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Effects of Supplementation and Training on Ameliorating Lipid Profiles and Protection against Coronary Artery Disease; an Experimental Study

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Abstract

Introduction:

The use of antioxidants may reduce the harmful effects of radicals during exercise and extreme sports. The Current study aimed to investigate the effect of this supplement on the lipid profiles in exercise-induced muscle injury.

Methods:

In this experimental study, 64 Wistar rats were randomly divided into four groups of control, exercise, exercise + Resveratrol (REV) and REV. After a week of adaptation, endurance and acute exercises were conducted in a motor driven treadmill, followed by using a training protocol in which running speed was gradually elevated until 19 weeks of age. Finally, the levels of cholesterol (CHO), triglycerides (TG), low-density lipoproteins (LDL), high-density lipoproteins (HDL), and very low-density lipoproteins (VLDL) were compared between the groups.

Results:

There was no statistically significant difference in CHO plasma level between the studied groups after acute and endurance exercises. There was a significant increase in the level of TG in the exercise group (p = 0.001) and the exercise + REV (p = 0.004) group after acute and endurance exercises. After the implementation of the endurance and acute exercises none of the studied groups had statistically significant changes in HDL plasma level. There was a significant decrease in LDL plasma levels in the exercise (p = 0.007) and the exercise + REV (p = 0.01) groups. After performing endurance protocol, VLDL plasma levels increased significantly in the exercise (p = 0.001) and the exercise+ REV (p = 0.005) groups in comparison with control group.

Conclusions:

Based on the findings, there was no difference in the level of CHO and HDL between the training groups, REV and control groups. However, both endurance exercise and acute exercise trainings resulted in an increase in TG and VLDL levels and decrease in LDL level, compared with the control group.

Introduction

Cardiovascular disease will cause more than 75% of deaths worldwide by 2020, if this trend continues, about 24.4 million people will die before 2030 (1, 2). Physical inactivity emphasizes adverse outcomes such as atherosclerosis, diabetes, obesity, and metabolic syndrome. On the other hand, sports activities can be capable of reducing and preventing such diseases (3, 4).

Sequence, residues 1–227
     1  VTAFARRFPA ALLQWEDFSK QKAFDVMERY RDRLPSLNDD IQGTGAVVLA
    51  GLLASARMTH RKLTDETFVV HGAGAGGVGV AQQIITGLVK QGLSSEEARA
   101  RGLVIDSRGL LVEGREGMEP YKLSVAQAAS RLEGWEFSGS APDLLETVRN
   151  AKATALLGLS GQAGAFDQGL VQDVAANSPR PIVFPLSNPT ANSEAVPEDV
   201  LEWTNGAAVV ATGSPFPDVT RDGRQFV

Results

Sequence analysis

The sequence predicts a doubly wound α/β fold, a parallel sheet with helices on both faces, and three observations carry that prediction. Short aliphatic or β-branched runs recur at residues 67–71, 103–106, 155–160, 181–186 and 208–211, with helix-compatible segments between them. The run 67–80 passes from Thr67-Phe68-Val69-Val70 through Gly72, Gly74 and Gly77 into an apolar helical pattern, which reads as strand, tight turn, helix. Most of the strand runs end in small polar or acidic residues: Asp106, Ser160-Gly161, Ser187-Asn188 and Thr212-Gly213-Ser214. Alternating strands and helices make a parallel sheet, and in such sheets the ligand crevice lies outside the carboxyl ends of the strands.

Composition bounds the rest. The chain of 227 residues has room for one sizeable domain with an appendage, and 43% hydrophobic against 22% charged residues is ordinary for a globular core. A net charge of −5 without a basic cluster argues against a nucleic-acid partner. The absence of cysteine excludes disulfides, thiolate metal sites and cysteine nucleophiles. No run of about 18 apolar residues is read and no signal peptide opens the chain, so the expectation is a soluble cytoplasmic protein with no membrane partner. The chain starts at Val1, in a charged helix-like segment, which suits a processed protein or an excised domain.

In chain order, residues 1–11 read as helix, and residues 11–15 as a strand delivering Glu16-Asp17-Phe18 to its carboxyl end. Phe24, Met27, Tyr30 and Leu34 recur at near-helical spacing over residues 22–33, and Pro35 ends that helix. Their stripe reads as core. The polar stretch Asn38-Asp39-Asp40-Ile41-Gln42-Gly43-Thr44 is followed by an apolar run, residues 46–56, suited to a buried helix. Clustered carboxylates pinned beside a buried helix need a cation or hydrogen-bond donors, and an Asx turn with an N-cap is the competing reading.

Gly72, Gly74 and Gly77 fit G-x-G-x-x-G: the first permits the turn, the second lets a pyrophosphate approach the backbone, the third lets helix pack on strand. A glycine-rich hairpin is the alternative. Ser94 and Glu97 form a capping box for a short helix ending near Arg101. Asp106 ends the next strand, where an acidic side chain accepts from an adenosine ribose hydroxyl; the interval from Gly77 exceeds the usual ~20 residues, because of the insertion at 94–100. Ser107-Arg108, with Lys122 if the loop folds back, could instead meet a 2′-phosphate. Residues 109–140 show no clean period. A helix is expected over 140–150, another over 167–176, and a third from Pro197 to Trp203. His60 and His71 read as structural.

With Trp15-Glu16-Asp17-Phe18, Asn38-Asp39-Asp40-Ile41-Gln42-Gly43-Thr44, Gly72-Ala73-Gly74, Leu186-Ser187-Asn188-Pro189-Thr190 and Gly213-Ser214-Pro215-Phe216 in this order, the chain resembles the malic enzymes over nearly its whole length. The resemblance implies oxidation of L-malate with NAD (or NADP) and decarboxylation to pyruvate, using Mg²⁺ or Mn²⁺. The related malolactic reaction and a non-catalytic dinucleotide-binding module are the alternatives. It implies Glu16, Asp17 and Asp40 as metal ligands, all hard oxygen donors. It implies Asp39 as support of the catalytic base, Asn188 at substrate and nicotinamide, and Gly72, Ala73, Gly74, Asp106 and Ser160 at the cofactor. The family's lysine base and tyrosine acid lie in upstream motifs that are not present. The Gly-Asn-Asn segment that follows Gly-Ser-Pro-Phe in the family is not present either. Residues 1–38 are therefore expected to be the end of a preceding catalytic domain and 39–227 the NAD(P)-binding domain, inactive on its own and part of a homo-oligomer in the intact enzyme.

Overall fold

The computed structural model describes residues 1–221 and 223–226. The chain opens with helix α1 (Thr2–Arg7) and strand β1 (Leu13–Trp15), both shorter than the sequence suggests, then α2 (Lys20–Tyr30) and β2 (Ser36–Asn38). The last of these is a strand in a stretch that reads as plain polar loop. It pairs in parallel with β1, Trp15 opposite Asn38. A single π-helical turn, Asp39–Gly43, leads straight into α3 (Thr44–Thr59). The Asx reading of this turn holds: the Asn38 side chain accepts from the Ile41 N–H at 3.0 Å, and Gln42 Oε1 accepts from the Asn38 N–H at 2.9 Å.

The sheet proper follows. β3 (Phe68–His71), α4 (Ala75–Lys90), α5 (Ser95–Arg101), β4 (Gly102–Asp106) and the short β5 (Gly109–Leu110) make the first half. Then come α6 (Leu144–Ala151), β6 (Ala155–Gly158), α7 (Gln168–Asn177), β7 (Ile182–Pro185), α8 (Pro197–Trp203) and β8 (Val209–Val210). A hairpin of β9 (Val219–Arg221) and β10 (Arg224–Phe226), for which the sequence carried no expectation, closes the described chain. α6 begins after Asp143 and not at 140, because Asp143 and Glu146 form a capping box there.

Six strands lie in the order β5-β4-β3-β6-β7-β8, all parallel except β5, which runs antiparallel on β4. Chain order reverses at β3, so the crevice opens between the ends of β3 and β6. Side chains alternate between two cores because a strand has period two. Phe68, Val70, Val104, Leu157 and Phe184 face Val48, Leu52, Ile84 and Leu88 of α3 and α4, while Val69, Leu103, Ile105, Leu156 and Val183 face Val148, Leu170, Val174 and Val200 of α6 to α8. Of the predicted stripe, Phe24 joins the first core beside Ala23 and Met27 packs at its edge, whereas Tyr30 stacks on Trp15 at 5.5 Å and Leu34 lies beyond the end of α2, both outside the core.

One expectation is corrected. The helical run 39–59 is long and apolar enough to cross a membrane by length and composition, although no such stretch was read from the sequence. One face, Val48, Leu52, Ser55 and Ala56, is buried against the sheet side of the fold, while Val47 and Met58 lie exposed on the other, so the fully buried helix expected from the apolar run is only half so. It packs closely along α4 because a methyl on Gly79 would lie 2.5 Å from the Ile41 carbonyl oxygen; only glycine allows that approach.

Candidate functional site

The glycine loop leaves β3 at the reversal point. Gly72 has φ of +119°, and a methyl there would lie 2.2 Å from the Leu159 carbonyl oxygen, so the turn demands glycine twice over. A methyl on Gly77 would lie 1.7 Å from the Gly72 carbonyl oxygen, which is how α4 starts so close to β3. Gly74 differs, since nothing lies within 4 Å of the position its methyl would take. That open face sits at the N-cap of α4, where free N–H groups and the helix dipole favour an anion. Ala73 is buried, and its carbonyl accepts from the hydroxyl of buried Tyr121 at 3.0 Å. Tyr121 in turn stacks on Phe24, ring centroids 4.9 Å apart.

One of the most sensitive targets for peroxidants can be non-saturated fatty acids in biological membranes that interfere with the pathogenesis of many diseases. Furthermore, cellular toxicity metabolites from lipid peroxides play a significant role in the oxidation of proteins present in low-density lipoprotein (LDL). This trend is also important in the pathogenesis of atherosclerosis (5).

Physical activity can lead to a 1.8-fold increase in lipid peroxidation after 60 minutes of intense cycling exercise. On the other hand, the implementation of intense and prolonged exercise can also lead to functional impairment of immunity, inflammation, oxidative stress and muscle damage (6, 7). Exercise-induced oxidative stress may be neutralized with antioxidants. Antioxidants, even at very low concentrations, along with an oxidizing agent, prevent oxidation of this oxidizing agent and are capable of delaying it (8, 9).

The use of antioxidants improves the antioxidant status of the body and may reduce the harmful effects of radicals during exercise and extreme sports (9, 10).

Resveratrol (REV) has been introduced for the first time in the 1940s in the Cassia Quniquangulata. It has many therapeutic aspects and has been previously used in Iran since around 6,000 years BC (11). The Chinese and Japanese used a plant called Polygonum Cuspidatum in the year 100 BC to treat many diseases. In the 1960s, Rev was isolated from this plant (12). REV is a specific polyphenol compound and its antioxidant nature is high due to the presence of two phenolic rings on both sides of the double bond; indeed, this stilbenoid is one of the most potent antioxidants found in nature (13, 14).

A number of reports suggested that co-administration of REV with statins was capable of increasing the cardio-protective effect of patients with cardiac arrhythmias. Chen et al. revealed the inhibitory effect of REV on cardiac hypertrophy in 2008 (15).